Actuarial Book Worm CONTINUED
This seemingly trivial goal had unexpected consequences for me.
And I think I am a better actuary because of it.
list. It wasn’t easy, but I am proud to tell you that I finished my
24th book on Dec. 30 with exactly one day to spare. Whew! Mission accomplished.
So why am I telling you all this? Because this seemingly trivial goal had unexpected consequences for me. And I think I am
a better actuary because of it.
The books on my 2011 reading list (see Page 29) are listed in
roughly the order in which they were read. It is an eclectic mix:
fiction and nonfiction, art and science, new works and classics.
To my surprise, I discovered many things during my reading
odyssey that were quite applicable to my work as an actuary.
Indulge me as I attempt to thread the needle on a few of these
You know that saying, “You are what you eat”? I think “You are
what you read” is equally valid. I was surprised to see how my
list so succinctly reflected my core interests and values. Inspecting the list, some obvious themes surfaced: mysteries, music, and
math. The list pretty much defines me. Looking closer, however,
I noticed a bias in my reading selection that I wasn’t aware of
(and not that my interests all seem to start with the letter M).
There was a distinct skewness toward Russian settings. By
my count, five of the plays and two of the novels had distinctive
Russian elements. Am I a product of the Cold War? Imprinted by
James Bond films? Not certain, but I never would have predicted
that result. This observation made me realize how much our
personal biases can affect what we see and the degree to which
a relatively obvious pattern can go undetected. Actuaries are not
immune to bias, and great care needs to be exerted to prevent
any bias skewing our analysis. I was surprised just how much
this pattern was hidden simply because I wasn’t looking for it—a
situation of which all actuaries should be wary.
Our bias can also cause us to see patterns that aren’t there
simply because we wish it so. This was made clear to me in one
of the books I read in which the author spent such an inordinate
amount of time demonstrating the prevalence of the golden ratio that it became clear you could infer its existence in almost
any biological measurement (height ratios, metacarpal ratios,
facial dimensions), mathematical sequence (Fibonacci), physical experiment, or even classical painting. Such overanalysis
prompts the question whether any random ratio can be found
to be prevalent in nature if you look hard enough.
The lesson for actuarial work is clear. Using data to prove a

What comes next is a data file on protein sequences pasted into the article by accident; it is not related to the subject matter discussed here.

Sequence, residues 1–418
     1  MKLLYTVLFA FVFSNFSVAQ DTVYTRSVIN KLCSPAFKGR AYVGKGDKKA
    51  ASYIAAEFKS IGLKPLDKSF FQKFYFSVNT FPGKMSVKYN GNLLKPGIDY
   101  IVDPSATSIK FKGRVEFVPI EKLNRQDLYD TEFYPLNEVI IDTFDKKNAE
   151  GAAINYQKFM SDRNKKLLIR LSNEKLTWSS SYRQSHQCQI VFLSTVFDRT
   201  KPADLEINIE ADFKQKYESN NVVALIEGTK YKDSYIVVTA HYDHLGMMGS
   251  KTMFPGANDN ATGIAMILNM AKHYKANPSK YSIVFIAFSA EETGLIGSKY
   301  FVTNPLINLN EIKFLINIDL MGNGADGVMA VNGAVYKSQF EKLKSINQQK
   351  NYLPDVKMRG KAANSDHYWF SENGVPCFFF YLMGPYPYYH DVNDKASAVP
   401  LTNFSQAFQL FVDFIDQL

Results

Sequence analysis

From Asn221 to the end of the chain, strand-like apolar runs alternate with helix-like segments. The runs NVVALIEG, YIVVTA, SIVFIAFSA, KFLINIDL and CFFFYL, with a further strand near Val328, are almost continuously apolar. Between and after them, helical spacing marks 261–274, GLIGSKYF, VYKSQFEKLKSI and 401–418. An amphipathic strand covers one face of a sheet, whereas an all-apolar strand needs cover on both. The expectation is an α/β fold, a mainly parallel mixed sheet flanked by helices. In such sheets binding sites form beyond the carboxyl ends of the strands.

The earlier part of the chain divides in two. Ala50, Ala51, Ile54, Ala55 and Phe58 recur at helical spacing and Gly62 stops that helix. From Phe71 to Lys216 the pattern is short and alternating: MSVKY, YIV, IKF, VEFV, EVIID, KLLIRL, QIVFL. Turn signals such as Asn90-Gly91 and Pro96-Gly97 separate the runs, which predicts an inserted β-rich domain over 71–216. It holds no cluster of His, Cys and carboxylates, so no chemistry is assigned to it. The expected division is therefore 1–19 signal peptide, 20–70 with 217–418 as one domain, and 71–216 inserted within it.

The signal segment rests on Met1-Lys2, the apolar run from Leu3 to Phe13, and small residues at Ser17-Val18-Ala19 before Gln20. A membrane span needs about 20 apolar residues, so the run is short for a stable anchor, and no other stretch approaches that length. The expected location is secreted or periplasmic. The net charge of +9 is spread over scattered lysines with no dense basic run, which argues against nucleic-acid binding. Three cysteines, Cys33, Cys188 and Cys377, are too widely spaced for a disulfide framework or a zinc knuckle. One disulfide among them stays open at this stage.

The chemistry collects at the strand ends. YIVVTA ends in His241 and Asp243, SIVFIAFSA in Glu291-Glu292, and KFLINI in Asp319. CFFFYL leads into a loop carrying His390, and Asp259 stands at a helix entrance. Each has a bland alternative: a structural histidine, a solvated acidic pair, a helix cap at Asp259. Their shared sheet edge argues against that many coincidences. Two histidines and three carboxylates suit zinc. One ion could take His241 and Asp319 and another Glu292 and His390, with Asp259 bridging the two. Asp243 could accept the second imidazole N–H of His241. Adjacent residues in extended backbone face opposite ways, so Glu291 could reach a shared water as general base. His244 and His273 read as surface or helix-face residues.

preconceived point can be dangerous if it causes you to ignore
data that doesn’t fit, classifying it as “noise” while accepting only
that which conforms to your preferred view. Are we predisposed
to seeing one particular conclusion, or are we allowing the data
to tell us what it can?
Innovation vs. Enlightenment
Using innovative models for the purpose of advancing actuarial knowledge and improving our analysis is a good thing, but
we always need to question whether we’re getting appropriate
enlightenment from all this sophistication. For example, one
of the books I read described a scientist’s fascinating work on
geometric analysis and artistic beauty. The scientist, Stephen
Marquardt, used precise symmetry and preferred ratios to create a facial mask of perfect geometry (the eponymous Marquardt
mask) for ideal attractiveness. After overlaying his mask against
portraits of several iconic beauties, Marquardt proved beyond
a reasonable doubt that Marilyn Monroe was attractive. Great.
Is this a case of innovation without enlightenment? Perhaps. I
think most of us would consider the Marilyn Monroe conclusion
patently obvious. The parallel here to the actuarial world is that
innovation shouldn’t be something we do for our own entertainment. It needs to add value. Jumping on the latest actuarial trend
(predictive modeling, complexity science, etc.) makes sense only
if the end result gives you additional insights into your business
or measurable refinement in your estimates. Innovation is a good
thing. Frivolous innovation is a distraction and counterproductive.
A Multidisciplinary Approach
To my surprise, there was a material amount of cross-pollination
among the books that I read. A scientific book on the physical aspects of time crossed over into the world of music. A book on art,
conversely, veered into the history of modern science. And both
texts somehow ended up focusing on Albert Einstein’s theory
of relativity. It was a case of serious déjà vu. This drove home
to me how interconnected everything is. It also illustrated the
classic ripple effect in which development in one area can have
repercussions well beyond what is anticipated. In fact, more
than one book that I read made it clear that several innovations
were brought about by the application of an idea from a completely unrelated field.
This has direct significance for the world of actuarial science. If we as a profession are only looking inward, we may be
restricting possibilities and stifling advancements. As referenced above, actuaries already are working to harness scientific
achievements from other related fields. But the next original
concept may come from actuaries borrowing or leveraging ideas
from completely different disciplines. While actuaries may not
be synonymous with creativity, those who are open to activity
in other fields can generate real advances.
Discipline and Persistence
My reading schedule forced me to finally finish books abandoned years ago as not my cup of tea and gave me the motivation
to make my way through some very tough reads. In the case of
the former, I was surprised to discover how much my tastes
had changed over the years. Books that I had tossed aside now
28 CONTINGENCIES JAN | FEB. 13